No, runs batted in are not predictive indicators of value. But they are indicators of something: the demonstrated ability to stay on the field and consistently generate offense. Minnesota has been lacking for these traits since Cruz left – in 2022, they had only three players reach 500 plate appearances, and no one drove in even 70 runs. (Jose Miranda's 66 RBIs were the lowest total to lead a Twins team in a full season since John Castino's 64 in 1980.)

Abreu is the elixir this lineup needs to reach the next level, and the Twins are well equipped to handle his defensive limitations, since they have no full-time DH and all of their current options at first base – Miranda, Alex Kirilloff, Luis Arraez – are capable of playing elsewhere. 

The fit here is very obvious once you zoom out past a myopic lens of what constitutes value. Abreu is in the same mold as the most celebrated and difference-making free agent signings in Twins history, and he's precisely what their lineup was missing in 2022.

You can read more about Abreu, plus many more options available at positions of need for the Twins, by download the complete Offseason Handbook, now available to Caretakers!


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It would be nice to have a more traditional first baseman over Arraez.  I think the line-up needs a power bat from that position and Abreu could bridge the gap to AK getting healthy.  I'm not certain the Twins can compete with the Padres and others in need of his services and the fact that the 1B need is not high on the Twins list.

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Spot on Nick!  I've watched Abreu here in Chicago for years.  He is Mr. Clutch, as you noted, great leadership abilities, and an iron man, to boot.  For a team with supposed above-average offense in 2022, 66 rbis to lead the team is a joke.  All the stat heads can sneer at RBIs but someone has to drive in the runs when the opportunity exists.  That's the definition of a cleanup hitter - a position sorely lacking in 2022.  Abreu would be a great replacement for Cruz!

All this hype about resigning Correa is just mystifying.  For a bit more than the price of Correa we could probably sign Abreu, Contreras, and Haninger - and having an adequate starting SS in Farmer.  In any case the Twins have at least $50MM to spend - enough to sign these 3.  While I think Rodon should be our #1 priority,  the likelihood of this particular FO running that "risk" of adding him  for a minimum of $130MM over 5 yrs. seems remote.  The offense needs attention and signing at least 2 of the 3 named above would go a long way to catapulting this lineup into a top 3rd in the league.  With trading some of our excess like Kepler, maybe Martin and one of our younger starters like Ober, Winder, etc,,  they should be able to land another front line starter, albeit not an ace.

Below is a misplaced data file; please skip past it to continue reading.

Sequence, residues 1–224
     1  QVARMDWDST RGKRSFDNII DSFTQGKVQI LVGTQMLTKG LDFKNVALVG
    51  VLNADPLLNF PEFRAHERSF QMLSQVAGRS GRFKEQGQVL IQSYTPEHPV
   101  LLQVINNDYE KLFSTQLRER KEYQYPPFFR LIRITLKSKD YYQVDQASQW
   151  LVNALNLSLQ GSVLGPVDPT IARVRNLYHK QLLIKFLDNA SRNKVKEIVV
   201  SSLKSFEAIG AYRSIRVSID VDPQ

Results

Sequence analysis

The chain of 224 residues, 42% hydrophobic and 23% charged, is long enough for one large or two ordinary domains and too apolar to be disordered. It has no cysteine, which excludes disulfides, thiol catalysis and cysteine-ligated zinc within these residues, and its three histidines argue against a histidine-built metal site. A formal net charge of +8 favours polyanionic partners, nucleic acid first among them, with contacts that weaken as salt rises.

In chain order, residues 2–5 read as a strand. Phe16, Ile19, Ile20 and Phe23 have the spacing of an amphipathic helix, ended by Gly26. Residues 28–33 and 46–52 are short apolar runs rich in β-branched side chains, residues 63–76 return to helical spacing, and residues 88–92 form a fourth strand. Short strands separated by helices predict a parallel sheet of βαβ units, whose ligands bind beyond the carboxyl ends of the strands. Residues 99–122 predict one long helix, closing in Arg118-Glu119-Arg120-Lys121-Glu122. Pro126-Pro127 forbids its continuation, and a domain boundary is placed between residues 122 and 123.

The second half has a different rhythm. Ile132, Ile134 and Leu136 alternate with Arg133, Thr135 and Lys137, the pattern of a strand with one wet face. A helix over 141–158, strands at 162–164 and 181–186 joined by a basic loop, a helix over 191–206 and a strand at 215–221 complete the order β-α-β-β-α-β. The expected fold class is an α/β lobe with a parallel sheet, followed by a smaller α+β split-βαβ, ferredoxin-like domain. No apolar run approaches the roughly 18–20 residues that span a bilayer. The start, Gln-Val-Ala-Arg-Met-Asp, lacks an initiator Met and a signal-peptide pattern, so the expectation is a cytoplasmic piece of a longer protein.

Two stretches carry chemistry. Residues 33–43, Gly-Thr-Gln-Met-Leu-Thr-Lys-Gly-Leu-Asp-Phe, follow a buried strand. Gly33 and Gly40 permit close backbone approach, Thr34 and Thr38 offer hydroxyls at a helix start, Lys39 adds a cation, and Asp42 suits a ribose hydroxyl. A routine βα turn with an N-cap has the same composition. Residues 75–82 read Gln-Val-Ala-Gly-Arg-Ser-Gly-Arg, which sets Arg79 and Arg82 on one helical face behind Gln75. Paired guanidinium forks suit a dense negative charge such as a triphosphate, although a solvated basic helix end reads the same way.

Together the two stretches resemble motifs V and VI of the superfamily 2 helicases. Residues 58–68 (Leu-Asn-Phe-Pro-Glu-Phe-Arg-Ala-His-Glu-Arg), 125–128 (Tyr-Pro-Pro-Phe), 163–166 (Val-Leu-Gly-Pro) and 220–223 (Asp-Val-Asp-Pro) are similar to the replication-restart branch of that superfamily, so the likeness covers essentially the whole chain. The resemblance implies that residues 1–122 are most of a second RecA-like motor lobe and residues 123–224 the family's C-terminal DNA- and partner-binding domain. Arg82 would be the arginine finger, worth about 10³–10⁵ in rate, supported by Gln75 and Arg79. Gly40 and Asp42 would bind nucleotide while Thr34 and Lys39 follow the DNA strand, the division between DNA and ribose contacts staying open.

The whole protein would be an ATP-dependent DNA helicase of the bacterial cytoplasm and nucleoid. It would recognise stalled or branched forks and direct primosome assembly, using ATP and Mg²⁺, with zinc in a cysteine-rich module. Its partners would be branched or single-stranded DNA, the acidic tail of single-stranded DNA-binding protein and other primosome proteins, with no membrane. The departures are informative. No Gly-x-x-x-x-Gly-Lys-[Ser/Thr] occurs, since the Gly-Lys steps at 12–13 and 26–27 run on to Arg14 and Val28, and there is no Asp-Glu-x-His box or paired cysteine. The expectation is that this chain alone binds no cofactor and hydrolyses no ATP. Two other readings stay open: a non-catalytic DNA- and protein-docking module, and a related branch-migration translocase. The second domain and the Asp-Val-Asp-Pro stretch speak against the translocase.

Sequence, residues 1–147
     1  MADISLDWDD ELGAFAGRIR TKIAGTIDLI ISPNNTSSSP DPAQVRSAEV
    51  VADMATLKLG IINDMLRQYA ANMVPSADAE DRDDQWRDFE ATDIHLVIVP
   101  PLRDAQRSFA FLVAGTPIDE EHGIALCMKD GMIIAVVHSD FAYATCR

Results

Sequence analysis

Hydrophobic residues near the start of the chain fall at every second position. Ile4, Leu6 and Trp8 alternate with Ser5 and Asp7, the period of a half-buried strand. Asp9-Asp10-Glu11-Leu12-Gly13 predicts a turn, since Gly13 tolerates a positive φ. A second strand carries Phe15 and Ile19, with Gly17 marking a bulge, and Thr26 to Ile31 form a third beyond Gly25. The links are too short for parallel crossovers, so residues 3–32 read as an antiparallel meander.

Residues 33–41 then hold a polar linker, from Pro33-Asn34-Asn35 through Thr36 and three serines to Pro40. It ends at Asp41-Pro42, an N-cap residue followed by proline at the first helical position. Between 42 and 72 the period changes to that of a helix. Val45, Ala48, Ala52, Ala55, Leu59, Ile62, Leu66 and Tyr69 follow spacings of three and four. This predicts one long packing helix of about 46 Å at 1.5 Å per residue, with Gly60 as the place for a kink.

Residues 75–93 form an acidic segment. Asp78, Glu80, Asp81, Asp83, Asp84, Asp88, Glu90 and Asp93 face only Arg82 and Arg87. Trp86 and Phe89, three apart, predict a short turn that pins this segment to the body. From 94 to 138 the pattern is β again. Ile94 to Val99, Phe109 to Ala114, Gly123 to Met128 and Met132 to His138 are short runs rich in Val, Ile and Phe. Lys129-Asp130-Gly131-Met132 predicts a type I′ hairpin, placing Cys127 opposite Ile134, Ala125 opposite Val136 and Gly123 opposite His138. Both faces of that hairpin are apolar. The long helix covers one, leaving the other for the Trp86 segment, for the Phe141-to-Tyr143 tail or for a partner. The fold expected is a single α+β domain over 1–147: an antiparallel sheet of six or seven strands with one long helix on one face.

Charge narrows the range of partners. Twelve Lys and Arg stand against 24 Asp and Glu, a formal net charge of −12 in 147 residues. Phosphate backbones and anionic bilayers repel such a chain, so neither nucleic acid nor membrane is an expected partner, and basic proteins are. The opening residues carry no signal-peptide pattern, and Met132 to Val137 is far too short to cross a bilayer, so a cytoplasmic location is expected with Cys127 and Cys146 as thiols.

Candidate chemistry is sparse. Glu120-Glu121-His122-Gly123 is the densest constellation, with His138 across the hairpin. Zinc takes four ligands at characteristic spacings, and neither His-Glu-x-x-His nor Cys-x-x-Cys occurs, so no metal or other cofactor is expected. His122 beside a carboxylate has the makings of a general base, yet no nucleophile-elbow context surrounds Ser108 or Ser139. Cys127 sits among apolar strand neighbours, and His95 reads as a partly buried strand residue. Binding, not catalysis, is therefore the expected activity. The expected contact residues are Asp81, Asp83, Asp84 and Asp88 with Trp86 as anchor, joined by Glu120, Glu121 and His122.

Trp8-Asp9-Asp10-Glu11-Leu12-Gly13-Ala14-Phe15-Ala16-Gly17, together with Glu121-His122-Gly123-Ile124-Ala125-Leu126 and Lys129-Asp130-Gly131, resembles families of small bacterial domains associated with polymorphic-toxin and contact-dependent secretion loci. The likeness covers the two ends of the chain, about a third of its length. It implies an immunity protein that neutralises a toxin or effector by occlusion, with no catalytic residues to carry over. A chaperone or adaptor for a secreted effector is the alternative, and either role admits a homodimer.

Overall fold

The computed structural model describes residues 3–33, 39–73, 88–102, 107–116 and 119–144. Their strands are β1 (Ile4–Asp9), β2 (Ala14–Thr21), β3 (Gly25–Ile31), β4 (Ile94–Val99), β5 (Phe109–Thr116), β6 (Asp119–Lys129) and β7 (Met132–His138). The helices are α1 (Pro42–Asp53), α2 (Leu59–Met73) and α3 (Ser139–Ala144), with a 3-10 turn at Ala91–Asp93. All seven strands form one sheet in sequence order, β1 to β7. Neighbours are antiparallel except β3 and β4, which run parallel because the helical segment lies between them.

The offseason is one of choices. With all the current holes in the rotation, the pen, and the lineup, I would hate to be in Falvey's shoes this offseason.  He needs to pull an inside straight to get this team back into legitimacy for the playoffs.  But this is where he's put himself after 7 years of failure to build a pipeline.

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I read this article and found the stats for Abreu's past performances to have been very impressive. But I have doubts about his future performances. Also the Twins promising young players need experience and can't get much of that by watching from the bench or playing in St. Paul. Therefore I am not interested in attempting to sign an aging veteran DH, who only hit 15 home runs last year and who won't play in the field, but if he does, can only play at the one position where the Twins have three (3)  promising young players, all of whom need to play on a regular basis. Plus the Twins would be paying a high salary based on Abreu's past performances, which appear to be declining.  Sorry, but I can't see the justification for this proposed signing. 

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1 hour ago, Heistyman said:

It would be nice to have a more traditional first baseman over Arraez.  I think the line-up needs a power bat from that position and Abreu could bridge the gap to AK getting healthy.  I'm not certain the Twins can compete with the Padres and others in need of his services and the fact that the 1B need is not high on the Twins list.

1st off I do agree about Arraez.   He was a GG winner (I believe) and don't mind him over there for 80 or so games.    He is kind of the Escobar type where he isn't great at any one position but plays all over the infield well (if that makes sense).

If Twins were to sign Abreu, I am guessing they would only want him at 1B for 20-30 games.    Kirilloff/Miranda would fill in the other 50-60 games at 1B.

As far as competing with the Padres, I think he is familiar with the Twins so that should help.  Also, the Twins stay around 50% (or less) of revenue so they could easily fit the salary.  My guess is one or both of Polanco and Kepler would be traded to make this work.  I don't see losing those two hurting too much if Correa/Bogearts were brought in.  I honestly would lean XB, I really like guys that hit over 300 and if you got Abreu and XB there would be, at least 3.  

 

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1 hour ago, Heistyman said:

It would be nice to have a more traditional first baseman over Arraez.  I think the line-up needs a power bat from that position and Abreu could bridge the gap to AK getting healthy.  I'm not certain the Twins can compete with the Padres and others in need of his services and the fact that the 1B need is not high on the Twins list.